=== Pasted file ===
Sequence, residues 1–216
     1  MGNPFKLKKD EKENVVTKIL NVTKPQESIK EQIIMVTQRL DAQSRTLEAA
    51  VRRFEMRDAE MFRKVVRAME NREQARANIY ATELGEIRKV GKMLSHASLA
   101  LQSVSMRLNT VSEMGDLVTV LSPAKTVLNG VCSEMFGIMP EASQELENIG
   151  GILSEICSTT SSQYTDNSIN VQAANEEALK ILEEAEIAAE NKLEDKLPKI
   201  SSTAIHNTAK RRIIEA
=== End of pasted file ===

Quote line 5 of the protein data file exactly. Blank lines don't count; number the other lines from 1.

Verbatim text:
   151  GILSEICSTT SSQYTDNSIN VQAANEEALK ILEEAEIAAE NKLEDKLPKI